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Global Tiger Count; 22% Increase in Population
Apr 15, 2016

A new report has indicated that there are approximately 3,890 wild tigers across the world, up from population of estimated 3,200 in 2010. The report has been released by the World Wildlife Fund (WWF) after compiling data from many countries where wild tiger population has witnessed an impressive growth. For the report, WWF and Global Tiger Forum collected data from over 13 nations where most of the tigers live.

Salient Features

  • It is for the first time in last ten decades that wild tiger population around the globe has increased.
     
  • WWF and Global Tiger Forum revealed that the big cats have made a comeback, mostly in Asia.
     
  • India, Bhutan, Nepal and Russia have noticed increase in tiger population in last few years.
     
  • The big cat’s numbers have declined since 1900, when there were more than 100,000 wild tigers around the world.
     
  • By far, the majority of the tigers are in India, followed by Russia, Indonesia, and Malaysia.
     
  • Nepal, Thailand, Bangladesh, and Bhutan all play host to smaller numbers, as do China, Myanmar, Lao, and Vietnam.
     
  • As per latest official count, India is home to 2,226 tigers, representing 70 per cent of the global population of the endangered big cat species.

    Tiger population
     
  • The tiger population the world over has grown from 3,200 to 3,890 in the last five years, a 22 per cent increase.
     
  • There are only 13 countries with tigers in the wild and six of them have seen an increase in their numbers.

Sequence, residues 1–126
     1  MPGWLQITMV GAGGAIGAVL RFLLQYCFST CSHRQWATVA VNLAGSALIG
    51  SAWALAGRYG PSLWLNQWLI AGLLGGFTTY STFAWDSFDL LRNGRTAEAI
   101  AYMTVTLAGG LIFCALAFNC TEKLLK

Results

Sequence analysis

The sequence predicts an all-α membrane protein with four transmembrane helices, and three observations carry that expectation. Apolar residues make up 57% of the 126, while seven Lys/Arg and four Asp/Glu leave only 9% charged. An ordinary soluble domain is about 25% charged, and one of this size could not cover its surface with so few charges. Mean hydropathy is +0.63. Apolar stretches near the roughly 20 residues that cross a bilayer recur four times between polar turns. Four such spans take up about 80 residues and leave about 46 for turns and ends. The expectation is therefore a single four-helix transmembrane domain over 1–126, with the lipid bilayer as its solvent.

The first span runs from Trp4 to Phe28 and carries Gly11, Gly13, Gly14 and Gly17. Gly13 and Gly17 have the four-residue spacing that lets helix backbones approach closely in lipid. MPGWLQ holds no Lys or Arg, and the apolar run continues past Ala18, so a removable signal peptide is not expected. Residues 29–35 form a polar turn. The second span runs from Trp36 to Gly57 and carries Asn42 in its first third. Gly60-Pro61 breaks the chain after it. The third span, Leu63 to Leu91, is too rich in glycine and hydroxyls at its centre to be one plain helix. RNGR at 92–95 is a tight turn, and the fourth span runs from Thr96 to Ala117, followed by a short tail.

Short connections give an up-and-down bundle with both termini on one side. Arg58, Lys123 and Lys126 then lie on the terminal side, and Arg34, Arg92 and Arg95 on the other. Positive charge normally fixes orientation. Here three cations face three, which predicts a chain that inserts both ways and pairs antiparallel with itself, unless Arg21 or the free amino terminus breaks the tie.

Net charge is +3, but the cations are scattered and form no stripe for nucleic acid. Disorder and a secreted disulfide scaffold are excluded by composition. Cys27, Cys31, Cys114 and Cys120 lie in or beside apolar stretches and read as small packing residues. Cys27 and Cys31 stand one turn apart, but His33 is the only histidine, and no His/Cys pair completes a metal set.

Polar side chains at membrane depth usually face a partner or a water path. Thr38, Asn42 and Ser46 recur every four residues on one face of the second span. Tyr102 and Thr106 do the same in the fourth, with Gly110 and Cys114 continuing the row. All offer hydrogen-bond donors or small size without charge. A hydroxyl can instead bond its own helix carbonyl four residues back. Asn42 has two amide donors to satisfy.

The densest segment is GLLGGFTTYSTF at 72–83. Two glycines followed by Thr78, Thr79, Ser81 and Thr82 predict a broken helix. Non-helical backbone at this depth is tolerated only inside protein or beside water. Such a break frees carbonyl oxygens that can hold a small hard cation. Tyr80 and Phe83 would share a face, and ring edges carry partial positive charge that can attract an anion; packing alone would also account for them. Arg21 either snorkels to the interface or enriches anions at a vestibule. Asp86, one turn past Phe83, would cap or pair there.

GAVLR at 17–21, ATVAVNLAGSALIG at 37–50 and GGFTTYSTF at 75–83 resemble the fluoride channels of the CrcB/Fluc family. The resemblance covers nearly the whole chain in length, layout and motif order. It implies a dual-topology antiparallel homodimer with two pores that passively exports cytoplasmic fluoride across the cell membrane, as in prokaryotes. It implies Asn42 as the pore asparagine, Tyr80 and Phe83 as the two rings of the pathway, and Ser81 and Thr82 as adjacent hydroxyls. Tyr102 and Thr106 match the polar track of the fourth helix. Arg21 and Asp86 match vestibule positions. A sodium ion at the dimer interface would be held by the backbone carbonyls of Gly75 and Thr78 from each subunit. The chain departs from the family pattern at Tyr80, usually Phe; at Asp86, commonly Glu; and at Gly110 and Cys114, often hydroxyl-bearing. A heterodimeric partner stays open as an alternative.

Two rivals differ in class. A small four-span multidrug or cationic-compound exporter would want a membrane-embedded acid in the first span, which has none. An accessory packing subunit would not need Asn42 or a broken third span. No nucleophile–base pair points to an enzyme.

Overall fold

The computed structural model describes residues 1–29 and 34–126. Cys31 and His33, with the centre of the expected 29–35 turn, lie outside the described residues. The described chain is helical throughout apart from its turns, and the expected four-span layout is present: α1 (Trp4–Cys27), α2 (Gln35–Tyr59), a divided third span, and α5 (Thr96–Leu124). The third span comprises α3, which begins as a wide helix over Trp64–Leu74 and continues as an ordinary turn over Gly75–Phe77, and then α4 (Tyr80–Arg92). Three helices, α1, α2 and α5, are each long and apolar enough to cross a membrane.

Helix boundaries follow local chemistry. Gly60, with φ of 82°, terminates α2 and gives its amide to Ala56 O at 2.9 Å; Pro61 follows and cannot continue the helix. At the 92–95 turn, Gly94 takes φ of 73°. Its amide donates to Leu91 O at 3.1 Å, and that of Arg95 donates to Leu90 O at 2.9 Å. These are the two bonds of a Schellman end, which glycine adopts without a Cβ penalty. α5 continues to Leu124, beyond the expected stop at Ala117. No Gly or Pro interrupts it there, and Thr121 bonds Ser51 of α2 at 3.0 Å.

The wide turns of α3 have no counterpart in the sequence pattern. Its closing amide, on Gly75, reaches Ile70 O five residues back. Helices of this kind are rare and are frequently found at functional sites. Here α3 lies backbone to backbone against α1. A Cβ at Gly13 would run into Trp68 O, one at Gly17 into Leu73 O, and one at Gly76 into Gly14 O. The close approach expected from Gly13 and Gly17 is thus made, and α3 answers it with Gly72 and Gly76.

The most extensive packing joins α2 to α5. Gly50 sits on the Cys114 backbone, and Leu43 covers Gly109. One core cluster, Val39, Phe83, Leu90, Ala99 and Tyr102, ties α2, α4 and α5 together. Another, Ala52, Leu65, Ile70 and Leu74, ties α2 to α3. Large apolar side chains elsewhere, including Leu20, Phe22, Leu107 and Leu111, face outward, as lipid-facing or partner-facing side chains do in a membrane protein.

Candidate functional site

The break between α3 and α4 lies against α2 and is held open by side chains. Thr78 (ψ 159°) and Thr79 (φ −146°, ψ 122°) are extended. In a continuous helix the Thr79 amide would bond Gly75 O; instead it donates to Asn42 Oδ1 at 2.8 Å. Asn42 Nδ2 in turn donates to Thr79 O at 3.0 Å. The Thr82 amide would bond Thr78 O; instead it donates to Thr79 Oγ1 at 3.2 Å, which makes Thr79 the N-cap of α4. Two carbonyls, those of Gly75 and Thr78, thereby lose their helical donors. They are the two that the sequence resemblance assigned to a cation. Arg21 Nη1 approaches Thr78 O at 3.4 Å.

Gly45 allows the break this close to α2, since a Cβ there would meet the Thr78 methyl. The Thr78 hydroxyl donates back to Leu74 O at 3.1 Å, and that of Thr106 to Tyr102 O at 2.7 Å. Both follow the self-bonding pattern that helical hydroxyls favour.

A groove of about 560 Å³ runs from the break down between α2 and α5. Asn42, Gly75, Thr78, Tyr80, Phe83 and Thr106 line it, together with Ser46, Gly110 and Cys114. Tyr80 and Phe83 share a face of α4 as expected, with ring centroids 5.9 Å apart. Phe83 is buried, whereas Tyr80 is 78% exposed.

• The global tiger count is based on data from 2014: Bangladesh-106; Bhutan-103; Cambodia-0; China-more than 7; India-2,226; Indonesia- 371; Laos-2; Malaysia-250; Myanmar-no data available; Nepal-198; Russia-433; Thailand-189; Vietnam-fewer than 5. The Myanmar government count of 85 tigers in 2010 was not included because the data was considered out of date.
     
  • Cambodia is looking at reintroducing tigers after recently declaring them functionally extinct within its borders, meaning there are no longer any breeding tigers in the wild.
     
  • Indonesia has also seen a rapid decline due world's highest rate of forest destruction to meet growing demand for producing palm oil as well as pulp and paper.Tigers are considered endangered species, under constant threat from habitat loss and poachers seeking their body parts for sale on the black market.

After decades of decline, wild tigers were put under ‘endangered’ status. The animal’s population declined continuously over the last few decades due to loss of habitat, poaching and hunting. Industrial activities in regions like Sumatra have also affected the wild tiger’s population


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